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Can You Make Movement More Joyful?

Interview with Kelly McGonigal

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Are you struggling to keep up with the number of steps you need to get each day to stay healthy?  Are you dragging yourself out of bed each morning to run or cycle?  Are you finding it hard to maintain your motivation to lift heavy weights, do more sit-ups, or complete your yoga routine?  Do you need to find ways to bring joy back into getting enough daily physical movement?

“People who are physically active tend to be happier and more satisfied with their lives,” explained Dr. Kelly McGonigal, a health psychologist and lecturer at Stanford University, when we interviewed her recently on the Making Positive Psychology Work Podcast.  “Exercise doesn’t just release feel-good endorphins, but also many other brain chemicals, including those that give you energy and protect you against depression, anxiety, and loneliness.  In addition, being regularly active can remodel your brain, so you’re more receptive to joy and social connection, and experience a stronger sense of purpose, gratitude, love, and hope.”

“Unfortunately, people often give up on exercise, not because it’s too hard, but because it’s not meaningful,” said Kelly.  “Psychologically, the stories you tell yourself about why engaging in movement is meaningful to you are important.  When you understand that movement can be a metaphor for other things in your life, it can help you recognize your own strengths and reimagine what’s possible.  For example, you might be someone who persists, or who has grace and beauty.” 

“In addition, the social connections you can form with others through movement communities such as a running group, a dance class, or a recreational sports team, can give you a sense of belonging, sometimes with others of very different ages and backgrounds,” explained Kelly.  For example, GoodGym running and walking groups exercise together to reach a community site where they make beds, prepare meals for the homeless, sort donations, or volunteer their time for other community projects.

Best of all, Kelly noted that studies have found that the benefits of exercise and the joys of movement are not limited to only those who are physically fit.  If you have a serious physical disability, experience chronic pain or hospice care, have serious mental health issues, or struggle with weight, size, or fitness level, you can still experience the gains from moving your body in ways that are meaningful to you in the communities that you care about.

So, what can you try to make your daily need for movement more joyful?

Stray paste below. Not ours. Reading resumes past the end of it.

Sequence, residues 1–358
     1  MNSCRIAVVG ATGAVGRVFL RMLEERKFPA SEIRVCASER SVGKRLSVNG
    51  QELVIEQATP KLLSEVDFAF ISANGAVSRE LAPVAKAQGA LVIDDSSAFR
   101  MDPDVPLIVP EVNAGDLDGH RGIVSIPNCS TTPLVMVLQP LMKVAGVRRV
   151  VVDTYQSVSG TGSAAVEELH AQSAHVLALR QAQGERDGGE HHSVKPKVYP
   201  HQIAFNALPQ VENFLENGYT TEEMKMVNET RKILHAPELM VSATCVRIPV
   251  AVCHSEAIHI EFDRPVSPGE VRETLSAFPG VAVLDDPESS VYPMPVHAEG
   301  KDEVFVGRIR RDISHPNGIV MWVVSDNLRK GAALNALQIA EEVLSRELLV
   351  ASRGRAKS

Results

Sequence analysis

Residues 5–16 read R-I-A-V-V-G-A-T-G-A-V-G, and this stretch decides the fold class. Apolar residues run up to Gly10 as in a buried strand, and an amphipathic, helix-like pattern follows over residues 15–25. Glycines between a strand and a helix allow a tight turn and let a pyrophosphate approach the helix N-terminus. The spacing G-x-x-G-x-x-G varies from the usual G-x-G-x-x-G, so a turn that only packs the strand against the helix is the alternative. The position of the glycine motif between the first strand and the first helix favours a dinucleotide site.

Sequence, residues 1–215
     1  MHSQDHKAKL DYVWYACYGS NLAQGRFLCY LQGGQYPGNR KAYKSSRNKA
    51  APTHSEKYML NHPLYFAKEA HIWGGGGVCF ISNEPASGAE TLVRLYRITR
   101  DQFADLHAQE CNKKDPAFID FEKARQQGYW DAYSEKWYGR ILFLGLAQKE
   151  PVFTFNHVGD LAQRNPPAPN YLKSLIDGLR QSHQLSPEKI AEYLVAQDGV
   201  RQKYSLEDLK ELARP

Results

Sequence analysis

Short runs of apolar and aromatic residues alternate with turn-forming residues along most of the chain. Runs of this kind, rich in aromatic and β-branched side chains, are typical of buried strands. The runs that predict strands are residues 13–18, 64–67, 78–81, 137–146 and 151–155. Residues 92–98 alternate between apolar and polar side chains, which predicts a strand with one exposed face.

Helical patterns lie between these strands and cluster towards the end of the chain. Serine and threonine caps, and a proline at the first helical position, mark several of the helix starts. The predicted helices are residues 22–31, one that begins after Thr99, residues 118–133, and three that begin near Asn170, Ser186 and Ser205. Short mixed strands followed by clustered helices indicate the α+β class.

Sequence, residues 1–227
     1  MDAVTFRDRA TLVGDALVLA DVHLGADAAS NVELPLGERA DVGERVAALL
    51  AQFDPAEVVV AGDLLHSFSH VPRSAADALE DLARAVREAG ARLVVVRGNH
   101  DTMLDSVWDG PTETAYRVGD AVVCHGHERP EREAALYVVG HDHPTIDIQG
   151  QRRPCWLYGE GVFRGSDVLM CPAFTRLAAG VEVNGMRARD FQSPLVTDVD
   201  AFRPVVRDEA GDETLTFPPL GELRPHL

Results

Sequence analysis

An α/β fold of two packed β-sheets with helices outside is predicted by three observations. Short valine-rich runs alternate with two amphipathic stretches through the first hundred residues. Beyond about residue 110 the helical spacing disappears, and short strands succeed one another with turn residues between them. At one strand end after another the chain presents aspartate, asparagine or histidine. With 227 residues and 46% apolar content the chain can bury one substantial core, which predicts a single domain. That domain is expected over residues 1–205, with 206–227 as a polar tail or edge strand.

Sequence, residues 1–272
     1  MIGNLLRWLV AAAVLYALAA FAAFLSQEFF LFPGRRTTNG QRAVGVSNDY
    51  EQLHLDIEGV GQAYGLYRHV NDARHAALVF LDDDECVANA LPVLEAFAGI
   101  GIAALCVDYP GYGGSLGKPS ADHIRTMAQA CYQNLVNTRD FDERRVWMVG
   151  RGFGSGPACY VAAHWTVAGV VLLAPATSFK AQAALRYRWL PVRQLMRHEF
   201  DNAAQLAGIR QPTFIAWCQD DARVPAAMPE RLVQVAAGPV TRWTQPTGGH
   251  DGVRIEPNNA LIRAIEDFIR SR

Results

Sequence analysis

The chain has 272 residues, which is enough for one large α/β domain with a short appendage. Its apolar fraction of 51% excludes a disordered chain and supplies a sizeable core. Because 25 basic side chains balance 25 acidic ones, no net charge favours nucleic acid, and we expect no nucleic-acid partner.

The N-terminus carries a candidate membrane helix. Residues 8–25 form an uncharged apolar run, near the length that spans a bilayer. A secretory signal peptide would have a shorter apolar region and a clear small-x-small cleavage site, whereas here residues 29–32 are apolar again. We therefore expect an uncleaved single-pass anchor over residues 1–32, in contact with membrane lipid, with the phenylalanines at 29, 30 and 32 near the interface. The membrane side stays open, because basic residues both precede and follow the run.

Kelly suggests trying the following:

  • Be sufficiently active – While a small activity such as stretch break can help you feel better in the short term, if you want to change the structure of your brain, you need to do a little more than that.  Do something that gets the heart rate up and requires persistence or endurance, so you get to the point where some part of you wants to stop, and you choose not to stop.  To be sufficient, it also needs to be ongoing, so avoid one-off exercise experiences.  
  • Make it meaningful – Consider how you can define yourself through the activity; it might be recognizing your strengths, your playfulness, your grace, or your courage because you’re doing something that challenges you.  It’s important to track your progress at getting better, and to document and celebrate your mastery.  For example, if you’re creating a program, add an event at the end to celebrate what people have done and the community that’s been formed.  Make it more meaningful by making it a charity event that raises funds for a cause.
  • Provide opportunities to connect – Moving together with others can enhance all of the intrinsic benefits of exercise.  Choose a movement experience that gives people a chance to socialize with others and feel cared for.  For example, a walking group can be a great way to strengthen relationships in work settings.  When you’re in a walking group, you get to talk to your co-workers in a way that you might not feel free to do around the water cooler or in a workplace meeting.  Research indicates that because of the minimal eye contact that happens when people walk together, they’re more willing to discuss conflict in a calm and peaceful way and to disclose things that would feel more vulnerable in a different setting. 

How can you make movement more meaningful?

To discover more evidence-based practices for helping people to thrive at work, check out the Making Positive Psychology Work Podcast.

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